Beloved teacher killed in accident

Teenage suspect pleads not guilty
November 8, 2008 7:49:21 AM PST
A teenager driving an SUV under the influence of drugs slammed into two runners out for an evening jog, killing one of them - a beloved schoolteacher - and seriously injuring her friend, police said Friday. Shea Rosen, a 19-year-old from the exclusive village of Brookville on Long Island's "Gold Coast," was being held in lieu of $1 million bond after pleading not guilty at his arraignment. Rosen's attorney, former federal prosecutor Joseph Conway, declined to comment on the high bond amount, but said his client's family was unlikely to post it on Friday.

Rosen, who works as a busboy/waiter at a Huntington restaurant, had no prior criminal record, his lawyer and police said.

Amanda Malloy, a 29-year-old who taught fourth grade at John F.

Kennedy Intermediate School in Deer Park, was pronounced dead at a hospital after being run down at about 7:30 Thursday night.

Her running companion, Vincent Saunders, 32, of Huntington, was hospitalized and was not expected to survive, Suffolk County Assistant District Attorney Avemaria Thompson said at Rosen's arraignment.

The prosecutor said police smelled marijuana on Rosen's breath following the accident on a busy stretch of Route 110 in Huntington.

More than 12 hours after the accident, Rosen's 2000 Dodge Durango remained at the accident scene, a lone woman's jogging sneaker on the pavement nearby.

Three unidentified pills were found in Rosen's sock, Thompson said. She said Rosen told police he didn't see the joggers in the road.

Rosen, whose Facebook page features a photo of him flipping his middle finger to the camera, was initially charged with driving under the influence of drugs, but the prosecutor said upgraded charges were likely.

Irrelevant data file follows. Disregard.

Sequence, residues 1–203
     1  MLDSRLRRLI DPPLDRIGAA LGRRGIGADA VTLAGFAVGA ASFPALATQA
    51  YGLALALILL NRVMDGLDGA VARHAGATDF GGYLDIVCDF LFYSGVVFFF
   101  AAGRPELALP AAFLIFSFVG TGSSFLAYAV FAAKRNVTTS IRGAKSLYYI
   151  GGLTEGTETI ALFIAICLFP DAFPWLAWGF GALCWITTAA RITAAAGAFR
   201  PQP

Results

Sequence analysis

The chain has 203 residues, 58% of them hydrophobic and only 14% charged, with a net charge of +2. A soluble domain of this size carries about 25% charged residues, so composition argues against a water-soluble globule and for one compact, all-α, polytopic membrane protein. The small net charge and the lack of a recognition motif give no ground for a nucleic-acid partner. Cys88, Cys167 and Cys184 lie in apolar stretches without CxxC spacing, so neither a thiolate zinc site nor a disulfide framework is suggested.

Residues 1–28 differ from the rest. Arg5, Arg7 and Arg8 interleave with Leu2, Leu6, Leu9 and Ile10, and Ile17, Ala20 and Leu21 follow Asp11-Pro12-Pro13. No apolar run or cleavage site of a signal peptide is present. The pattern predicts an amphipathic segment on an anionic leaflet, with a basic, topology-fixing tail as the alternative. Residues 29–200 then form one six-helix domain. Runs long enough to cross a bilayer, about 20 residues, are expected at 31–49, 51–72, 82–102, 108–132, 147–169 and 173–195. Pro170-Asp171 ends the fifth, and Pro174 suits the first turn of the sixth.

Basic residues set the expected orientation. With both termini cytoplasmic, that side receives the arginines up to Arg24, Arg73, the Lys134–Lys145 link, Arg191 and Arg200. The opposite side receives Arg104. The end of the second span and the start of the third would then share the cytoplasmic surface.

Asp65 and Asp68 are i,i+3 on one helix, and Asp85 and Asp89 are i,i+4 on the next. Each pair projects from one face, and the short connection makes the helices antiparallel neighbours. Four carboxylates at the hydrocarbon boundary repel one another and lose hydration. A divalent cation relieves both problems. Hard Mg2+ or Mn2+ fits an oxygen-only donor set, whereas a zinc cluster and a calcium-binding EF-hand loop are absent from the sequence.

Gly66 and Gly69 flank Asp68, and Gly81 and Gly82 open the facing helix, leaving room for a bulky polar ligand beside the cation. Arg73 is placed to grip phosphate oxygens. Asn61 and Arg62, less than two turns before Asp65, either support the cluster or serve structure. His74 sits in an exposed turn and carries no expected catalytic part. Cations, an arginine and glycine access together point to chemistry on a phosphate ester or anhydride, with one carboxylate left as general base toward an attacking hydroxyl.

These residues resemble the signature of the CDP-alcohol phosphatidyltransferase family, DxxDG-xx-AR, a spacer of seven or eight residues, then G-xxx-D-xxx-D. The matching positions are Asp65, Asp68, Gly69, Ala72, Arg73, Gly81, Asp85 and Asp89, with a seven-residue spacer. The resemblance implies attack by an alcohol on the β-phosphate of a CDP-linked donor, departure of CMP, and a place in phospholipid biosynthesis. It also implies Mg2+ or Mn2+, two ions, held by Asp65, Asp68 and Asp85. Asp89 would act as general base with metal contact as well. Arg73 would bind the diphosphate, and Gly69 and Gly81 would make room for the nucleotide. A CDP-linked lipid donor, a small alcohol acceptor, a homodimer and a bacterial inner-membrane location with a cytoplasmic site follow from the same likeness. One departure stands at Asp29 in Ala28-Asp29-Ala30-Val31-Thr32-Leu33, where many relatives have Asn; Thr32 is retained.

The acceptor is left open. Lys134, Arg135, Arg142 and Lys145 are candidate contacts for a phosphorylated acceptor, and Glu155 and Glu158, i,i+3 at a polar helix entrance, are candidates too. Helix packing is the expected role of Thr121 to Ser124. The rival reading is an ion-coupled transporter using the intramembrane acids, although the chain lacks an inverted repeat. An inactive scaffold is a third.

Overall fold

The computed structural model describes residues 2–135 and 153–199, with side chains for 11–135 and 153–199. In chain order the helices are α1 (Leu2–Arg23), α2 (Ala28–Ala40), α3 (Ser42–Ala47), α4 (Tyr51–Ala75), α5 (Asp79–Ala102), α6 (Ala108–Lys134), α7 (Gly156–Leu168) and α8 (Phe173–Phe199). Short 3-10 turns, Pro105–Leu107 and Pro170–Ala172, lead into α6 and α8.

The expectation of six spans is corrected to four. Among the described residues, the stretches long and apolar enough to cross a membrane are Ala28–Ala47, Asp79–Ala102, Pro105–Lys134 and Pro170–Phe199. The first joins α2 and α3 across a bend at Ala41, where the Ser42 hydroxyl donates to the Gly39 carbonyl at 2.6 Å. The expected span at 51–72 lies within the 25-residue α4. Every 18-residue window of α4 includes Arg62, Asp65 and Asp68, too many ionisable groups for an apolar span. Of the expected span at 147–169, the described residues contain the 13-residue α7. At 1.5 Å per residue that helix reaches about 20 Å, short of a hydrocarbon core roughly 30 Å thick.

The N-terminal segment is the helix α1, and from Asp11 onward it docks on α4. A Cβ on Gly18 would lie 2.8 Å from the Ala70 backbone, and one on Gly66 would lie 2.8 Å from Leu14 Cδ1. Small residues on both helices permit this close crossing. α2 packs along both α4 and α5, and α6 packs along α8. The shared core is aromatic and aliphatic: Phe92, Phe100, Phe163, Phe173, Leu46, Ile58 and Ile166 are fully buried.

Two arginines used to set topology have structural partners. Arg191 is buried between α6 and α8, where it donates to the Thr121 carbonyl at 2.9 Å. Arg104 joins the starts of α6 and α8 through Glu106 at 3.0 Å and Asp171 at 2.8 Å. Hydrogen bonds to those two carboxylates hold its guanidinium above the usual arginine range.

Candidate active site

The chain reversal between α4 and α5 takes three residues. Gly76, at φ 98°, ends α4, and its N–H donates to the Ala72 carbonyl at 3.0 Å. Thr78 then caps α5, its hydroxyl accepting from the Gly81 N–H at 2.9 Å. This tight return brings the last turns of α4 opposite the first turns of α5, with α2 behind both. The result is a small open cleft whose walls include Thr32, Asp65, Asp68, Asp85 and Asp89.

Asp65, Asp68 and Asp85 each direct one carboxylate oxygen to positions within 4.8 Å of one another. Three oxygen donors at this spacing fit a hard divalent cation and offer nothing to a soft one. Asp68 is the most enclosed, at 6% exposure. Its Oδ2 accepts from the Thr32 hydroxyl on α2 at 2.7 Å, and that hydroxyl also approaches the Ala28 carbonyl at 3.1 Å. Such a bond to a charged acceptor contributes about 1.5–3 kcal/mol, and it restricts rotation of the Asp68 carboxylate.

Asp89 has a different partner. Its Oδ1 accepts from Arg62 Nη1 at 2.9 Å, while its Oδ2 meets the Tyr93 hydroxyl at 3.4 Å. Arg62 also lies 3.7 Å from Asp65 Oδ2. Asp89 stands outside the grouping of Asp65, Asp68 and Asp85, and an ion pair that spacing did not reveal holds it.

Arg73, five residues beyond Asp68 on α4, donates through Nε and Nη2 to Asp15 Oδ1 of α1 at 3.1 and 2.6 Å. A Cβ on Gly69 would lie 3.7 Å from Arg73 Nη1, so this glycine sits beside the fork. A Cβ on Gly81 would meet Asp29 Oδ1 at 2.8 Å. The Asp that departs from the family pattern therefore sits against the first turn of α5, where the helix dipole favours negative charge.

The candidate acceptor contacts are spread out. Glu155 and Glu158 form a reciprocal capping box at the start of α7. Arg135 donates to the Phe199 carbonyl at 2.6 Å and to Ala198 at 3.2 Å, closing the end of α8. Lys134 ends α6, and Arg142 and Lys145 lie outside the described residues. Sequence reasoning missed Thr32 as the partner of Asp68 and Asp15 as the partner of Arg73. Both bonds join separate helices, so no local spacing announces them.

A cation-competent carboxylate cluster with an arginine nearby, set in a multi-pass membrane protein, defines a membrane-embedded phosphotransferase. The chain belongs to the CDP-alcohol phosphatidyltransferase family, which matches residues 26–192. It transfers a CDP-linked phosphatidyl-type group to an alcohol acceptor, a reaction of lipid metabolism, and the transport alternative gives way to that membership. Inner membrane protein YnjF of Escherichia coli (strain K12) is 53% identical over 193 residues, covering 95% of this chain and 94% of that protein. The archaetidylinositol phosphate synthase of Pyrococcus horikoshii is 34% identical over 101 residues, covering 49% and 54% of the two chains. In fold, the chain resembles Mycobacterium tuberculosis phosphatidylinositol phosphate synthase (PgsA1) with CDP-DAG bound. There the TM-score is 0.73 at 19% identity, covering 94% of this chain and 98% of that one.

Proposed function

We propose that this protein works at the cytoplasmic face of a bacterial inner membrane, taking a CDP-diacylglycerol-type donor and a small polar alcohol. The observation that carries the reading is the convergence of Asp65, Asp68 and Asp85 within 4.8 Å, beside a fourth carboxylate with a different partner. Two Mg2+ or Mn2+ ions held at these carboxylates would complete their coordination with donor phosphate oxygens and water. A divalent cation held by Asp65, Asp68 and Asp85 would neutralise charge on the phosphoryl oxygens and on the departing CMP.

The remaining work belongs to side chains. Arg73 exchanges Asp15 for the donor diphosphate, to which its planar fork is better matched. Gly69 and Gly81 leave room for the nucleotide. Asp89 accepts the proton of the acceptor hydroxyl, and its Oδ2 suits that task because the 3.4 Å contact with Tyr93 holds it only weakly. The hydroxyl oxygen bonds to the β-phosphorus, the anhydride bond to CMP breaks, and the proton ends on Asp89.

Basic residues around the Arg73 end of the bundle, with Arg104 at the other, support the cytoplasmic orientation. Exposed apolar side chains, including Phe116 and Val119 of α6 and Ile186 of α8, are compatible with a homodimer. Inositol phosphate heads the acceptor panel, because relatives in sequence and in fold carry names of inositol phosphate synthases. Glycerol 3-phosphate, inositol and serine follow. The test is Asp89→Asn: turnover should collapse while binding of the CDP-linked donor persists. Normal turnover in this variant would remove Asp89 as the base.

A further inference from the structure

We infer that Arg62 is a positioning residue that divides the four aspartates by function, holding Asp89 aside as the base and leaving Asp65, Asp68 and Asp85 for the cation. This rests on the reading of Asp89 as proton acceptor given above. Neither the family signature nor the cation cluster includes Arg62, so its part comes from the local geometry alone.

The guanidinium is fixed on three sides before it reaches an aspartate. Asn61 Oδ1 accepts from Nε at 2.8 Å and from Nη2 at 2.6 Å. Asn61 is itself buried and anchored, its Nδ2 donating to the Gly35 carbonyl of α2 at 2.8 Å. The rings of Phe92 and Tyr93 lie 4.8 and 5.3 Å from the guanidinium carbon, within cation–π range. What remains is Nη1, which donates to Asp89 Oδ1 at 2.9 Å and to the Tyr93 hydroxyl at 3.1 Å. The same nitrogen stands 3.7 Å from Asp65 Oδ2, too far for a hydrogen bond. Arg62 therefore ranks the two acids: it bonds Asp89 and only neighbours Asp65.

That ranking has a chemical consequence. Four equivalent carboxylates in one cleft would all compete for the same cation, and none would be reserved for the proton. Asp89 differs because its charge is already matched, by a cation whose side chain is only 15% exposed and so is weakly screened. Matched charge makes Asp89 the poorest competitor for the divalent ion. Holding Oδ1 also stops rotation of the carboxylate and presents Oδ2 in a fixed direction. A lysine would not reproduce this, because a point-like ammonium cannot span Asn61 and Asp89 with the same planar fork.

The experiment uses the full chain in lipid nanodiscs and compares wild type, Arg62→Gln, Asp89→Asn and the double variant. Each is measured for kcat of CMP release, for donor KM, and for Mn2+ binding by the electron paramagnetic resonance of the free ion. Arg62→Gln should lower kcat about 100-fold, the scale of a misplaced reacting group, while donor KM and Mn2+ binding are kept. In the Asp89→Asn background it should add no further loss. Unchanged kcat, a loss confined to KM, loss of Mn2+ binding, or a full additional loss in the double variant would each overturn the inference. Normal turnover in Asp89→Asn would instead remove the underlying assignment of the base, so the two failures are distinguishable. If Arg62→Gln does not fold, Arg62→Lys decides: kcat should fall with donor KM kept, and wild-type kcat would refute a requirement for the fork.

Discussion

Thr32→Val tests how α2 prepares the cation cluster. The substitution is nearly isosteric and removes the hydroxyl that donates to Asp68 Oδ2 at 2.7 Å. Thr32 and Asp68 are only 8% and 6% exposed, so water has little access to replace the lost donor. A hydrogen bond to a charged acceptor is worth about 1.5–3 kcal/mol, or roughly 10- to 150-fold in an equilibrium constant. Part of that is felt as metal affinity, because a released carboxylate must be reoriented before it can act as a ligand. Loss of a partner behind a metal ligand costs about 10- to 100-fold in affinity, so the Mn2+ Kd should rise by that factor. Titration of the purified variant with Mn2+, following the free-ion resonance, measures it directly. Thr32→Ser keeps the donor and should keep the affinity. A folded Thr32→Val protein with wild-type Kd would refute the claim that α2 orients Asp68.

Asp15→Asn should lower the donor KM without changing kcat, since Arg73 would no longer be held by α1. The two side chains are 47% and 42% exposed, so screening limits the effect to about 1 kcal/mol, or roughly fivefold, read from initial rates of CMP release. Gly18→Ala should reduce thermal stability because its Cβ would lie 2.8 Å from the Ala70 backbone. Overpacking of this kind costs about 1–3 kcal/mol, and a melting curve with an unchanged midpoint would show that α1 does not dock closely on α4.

Conway declined to comment on the charges, saying his office was still trying to ascertain what happened. "Our hearts, of course, go out to the victims' families," he said.

Malloy was described by her sister-in-law as a physical fitness enthusiast who often competed in triathlons and was an expert in the martial arts.

"Her life was exercising," said Christine MacQuarrie, who also taught at Kennedy intermediate school. "It is ironic that she died doing what she loved."

MacQuarrie said Saunders and Malloy were friends who attended the same karate school and shared the same interests in exercise.

She said some media reports indicated the pair were romantically involved, but said that was not the case. "She was a friend."

Deer Park School Superintendent Elizabeth Marino said in a statement that grief counselors were at the school for staff and students.

"As an expert in the martial arts, she took pride in sharing her knowledge with students through well-received assemblies," Marino said. "Amanda was loved and admired by her colleagues and students alike and highly respected by administration."

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